The outbreak of the COVID-19 subsequent to our Investment Outlook adds a new risk factor to our Asia outlook. In the past, similar events such as the severe acute respiratory syndrome (SARS) outbreak in 2003 saw market drawdowns of 5-15% over 2-4 months but once the number of new cases of the virus peaks and starts to decline, markets fully recovered their losses. Nonetheless, we are closely monitoring the development of the current outbreak and its impact on the economy and corporate earnings.
Active managers as a whole have in general underperformed passive managers in the recent past. We asked investors when they expect actively managed funds to perform better than passively managed ones.
At UOBAM, we pride ourselves on our rigorous research process, where we strive to uncover securities that are mis-priced by the market to deliver outperformance for investors. We think that such an active strategy has a place in investors’ portfolio, even as some investors may look to allocate a part of their portfolio to indices or passive funds.
At UOBAM, we have made sustainable investing a strategic priority and a key thrust of how we exercise our fiduciary duties to investors. We believe that as we invest for the future, it is imperative to address the social and environmental issues we face in the world today. We asked investors if they think financial returns from sustainable investing is lower than investing without such considerations and whether they would be willing to sacrifice financial returns for sustainability.
It seems that about the same proportion of investors (35%) either are not sure or think that sustainable investing yields equal or better financial returns. The rest – a minority – think that returns are lower. Of those who think returns are lower or are not sure, about as many are willing as those who are unwilling to sacrifice some financial returns to fulfil sustainability goals.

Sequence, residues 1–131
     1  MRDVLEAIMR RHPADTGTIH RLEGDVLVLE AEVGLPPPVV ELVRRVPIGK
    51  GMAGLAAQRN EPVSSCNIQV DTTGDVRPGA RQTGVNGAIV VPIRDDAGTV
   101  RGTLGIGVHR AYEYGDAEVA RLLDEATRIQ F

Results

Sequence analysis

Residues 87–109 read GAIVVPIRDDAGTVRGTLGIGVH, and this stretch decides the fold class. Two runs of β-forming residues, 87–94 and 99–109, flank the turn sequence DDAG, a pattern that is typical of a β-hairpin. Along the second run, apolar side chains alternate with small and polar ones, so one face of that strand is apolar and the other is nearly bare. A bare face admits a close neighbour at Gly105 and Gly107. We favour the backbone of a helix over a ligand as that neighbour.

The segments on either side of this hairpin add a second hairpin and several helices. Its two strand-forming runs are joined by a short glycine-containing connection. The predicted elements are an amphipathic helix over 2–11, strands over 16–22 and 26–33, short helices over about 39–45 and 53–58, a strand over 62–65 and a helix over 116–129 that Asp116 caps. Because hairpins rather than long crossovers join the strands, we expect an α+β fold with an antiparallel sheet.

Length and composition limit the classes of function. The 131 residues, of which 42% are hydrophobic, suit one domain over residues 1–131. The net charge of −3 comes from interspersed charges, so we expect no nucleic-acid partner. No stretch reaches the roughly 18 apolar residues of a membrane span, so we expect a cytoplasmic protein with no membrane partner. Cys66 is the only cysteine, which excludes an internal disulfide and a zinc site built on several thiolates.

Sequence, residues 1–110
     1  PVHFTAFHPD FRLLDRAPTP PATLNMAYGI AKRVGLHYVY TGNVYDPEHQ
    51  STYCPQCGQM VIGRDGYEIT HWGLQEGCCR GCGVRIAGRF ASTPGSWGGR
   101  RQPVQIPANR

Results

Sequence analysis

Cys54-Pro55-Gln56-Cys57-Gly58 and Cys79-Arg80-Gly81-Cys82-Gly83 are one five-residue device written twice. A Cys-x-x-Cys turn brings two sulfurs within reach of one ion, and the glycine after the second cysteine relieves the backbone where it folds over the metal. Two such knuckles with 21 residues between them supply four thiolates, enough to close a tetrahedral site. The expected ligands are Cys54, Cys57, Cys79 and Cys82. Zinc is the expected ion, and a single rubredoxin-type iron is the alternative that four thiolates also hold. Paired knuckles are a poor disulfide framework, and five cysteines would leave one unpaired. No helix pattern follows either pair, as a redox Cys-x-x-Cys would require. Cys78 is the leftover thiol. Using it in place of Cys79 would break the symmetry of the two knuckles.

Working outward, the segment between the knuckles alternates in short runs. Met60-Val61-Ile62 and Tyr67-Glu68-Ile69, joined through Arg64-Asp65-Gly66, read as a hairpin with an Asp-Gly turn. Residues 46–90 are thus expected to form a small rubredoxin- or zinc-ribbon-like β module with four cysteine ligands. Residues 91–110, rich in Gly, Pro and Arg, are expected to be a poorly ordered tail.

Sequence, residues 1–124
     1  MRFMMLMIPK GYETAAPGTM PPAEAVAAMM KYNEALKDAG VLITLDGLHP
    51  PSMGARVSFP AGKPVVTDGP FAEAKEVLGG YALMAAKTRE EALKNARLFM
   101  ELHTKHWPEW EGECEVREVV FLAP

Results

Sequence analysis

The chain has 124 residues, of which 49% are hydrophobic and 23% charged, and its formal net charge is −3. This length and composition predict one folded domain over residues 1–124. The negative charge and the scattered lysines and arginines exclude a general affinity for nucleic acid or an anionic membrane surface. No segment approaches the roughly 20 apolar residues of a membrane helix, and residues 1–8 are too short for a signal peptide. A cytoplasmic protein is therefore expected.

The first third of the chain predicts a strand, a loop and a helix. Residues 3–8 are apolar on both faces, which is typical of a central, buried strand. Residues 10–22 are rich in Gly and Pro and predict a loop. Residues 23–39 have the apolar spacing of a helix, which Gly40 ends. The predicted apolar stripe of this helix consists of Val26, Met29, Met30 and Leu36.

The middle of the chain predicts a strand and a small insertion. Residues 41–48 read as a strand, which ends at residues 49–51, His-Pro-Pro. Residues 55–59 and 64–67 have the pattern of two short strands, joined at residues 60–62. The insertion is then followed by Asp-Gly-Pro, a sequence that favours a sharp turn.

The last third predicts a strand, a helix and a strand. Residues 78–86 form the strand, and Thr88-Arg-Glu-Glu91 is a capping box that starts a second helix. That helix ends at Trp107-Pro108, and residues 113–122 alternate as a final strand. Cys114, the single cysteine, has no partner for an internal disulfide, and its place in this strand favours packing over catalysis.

Our research shows that sustainable investing does not compromise financial returns. In fact, the MSCI Emerging Markets (EM) ESG Leaders index has consistently outperformed the broader MSCI EM index since the global financial crisis in September 2007. Similarly, the MSCI Asia Pacific ESG Leaders index outperformed the broader MSCI Asia Pacific index in the same time period. Both MSCI ESG indices are capitalisation-weighted indices that provide exposure to companies with high Environmental, Social and Governance (ESG) performance relative to their sector peers. We think this goes to show that we can indeed do well financially by doing good.
Technology has disrupted the finance industry, including in investment management. We believe that by embracing technological innovation, be it in the use of artificial intelligence and machine learning in portfolio management or the deployment of robo-advisory services, we can better serve our clients' evolving needs. We asked clients how comfortable they are with using robo-advisers in making investments and whether they will be allocating a larger portion of their investments to robo-advisers in the next 12 months.